Examples of Self-Deceit 1 (174)

In the context of evangelical Christianity, self-deceit functions to develop and maintain the “false consciousness” that key beliefs are held because they are true and that devotion to God, or piety (however flawed or imperfect) is the Christian’s main aim.  This false consciousness is a mask that we wear to obscure the real consciousness, which is that most evangelicals hold key beliefs because they are convenient and that narcissism, or extreme selfishness and devotion to self, is the actual true aim of most Christians, most of the time.

 

So with certain beliefs there is no justifiable reason by any Christian standards for any Christian to believe them.  For example, that when reading the Bible s/he just “reads what’s there” (without needing to interpret) or that the Holy Spirit guarantees the “right understanding” (or even a sufficiently good understanding).  Yet despite this, these views remain very popular in evangelical circles.

More so, should an attempt be made to persuade such Christians on the reasonableness of the evidence against their belief, my experience is that such discussions can be endless and yet go nowhere: no amount of evidence and no argumentation, no matter how sound, avails to change the minds of those who hold such views (or even to push them to re-assess their position).

Why?  Or perhaps more to the point, what could this mean?

The logical implication, when sound argument and abundant evidence are completely unpersuasive, is that the belief is not based on either.  In other words, when abundant evidence and sound logic are of no use for persuasion, this clearly indicates that the belief is not held for reasons related to its truthfulness.  It is based on something else, or held for some “other reason.”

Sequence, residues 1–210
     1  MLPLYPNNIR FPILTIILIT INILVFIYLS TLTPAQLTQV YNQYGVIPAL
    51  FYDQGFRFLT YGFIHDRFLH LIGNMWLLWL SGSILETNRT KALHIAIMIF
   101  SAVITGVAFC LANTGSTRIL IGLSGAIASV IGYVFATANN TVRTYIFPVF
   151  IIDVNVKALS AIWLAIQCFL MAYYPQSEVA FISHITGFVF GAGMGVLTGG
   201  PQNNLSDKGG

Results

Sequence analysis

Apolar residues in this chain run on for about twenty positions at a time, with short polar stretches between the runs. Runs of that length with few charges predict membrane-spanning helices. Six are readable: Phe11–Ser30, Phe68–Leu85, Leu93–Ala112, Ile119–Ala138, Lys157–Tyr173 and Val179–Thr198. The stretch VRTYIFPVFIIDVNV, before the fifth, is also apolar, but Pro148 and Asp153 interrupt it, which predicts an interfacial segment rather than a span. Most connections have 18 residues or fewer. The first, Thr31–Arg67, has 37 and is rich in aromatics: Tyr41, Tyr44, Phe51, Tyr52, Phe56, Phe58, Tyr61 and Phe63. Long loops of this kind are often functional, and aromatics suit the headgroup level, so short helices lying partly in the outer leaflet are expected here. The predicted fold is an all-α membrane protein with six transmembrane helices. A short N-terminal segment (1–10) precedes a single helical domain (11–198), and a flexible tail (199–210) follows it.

At this point we can return to my earlier point that self-deceit effects what and how we know.  So, while claims to correct (and effortless) Bible-reading are not unfamiliar, any claims that runs contrary both to sound logic and available evidence are almost never simply about what they seem to be about.  So where claims to correct yet effortless Bible-reading would seem to concern the claimant’s “theology” or “understanding of Bible reading,” or even their “theory of knowledge,” there’s definitely more to the picture.  For below what seem, on the surface, to be the dominant concerns and out of sight lies the real concern: meeting one’s own needs (and covering it up through self-deceit).  Once we become aware of self-deceit and attuned to the circumstances when it is likely to arise, this changes everything.

So instead of asking for justification for beliefs that seem plainly to lack a justifiable basis, an awareness of self-deceit leads us to probe elsewhere.  We start by asking questions designed to reveal hidden reasons, or motives.  For example, a) What are the benefits of holding such a belief? b) Who or what is served, or What needs or concern are met, by holding such a belief? c) What is the result from the perspective of the holder versus the perspective of others?

These questions, you will notice, are specifically not aimed at investigating the rationale or reasonableness of the belief but at uncovering the hidden—and likely true—motives for holding it.  This is a crucial distinction, because an approach that focuses on evidence and logic assumes that—and so is only helpful in cases where—truthfulness is the reason for holding a belief (and therefore the standard by which any belief is judged).  Yet where truthfulness is ruled out, as in this case, the second approach is indispensable.  For only by uncovering the real reason for holding a belief can any type of productive conversation about the belief (or evaluation of the belief) occur.

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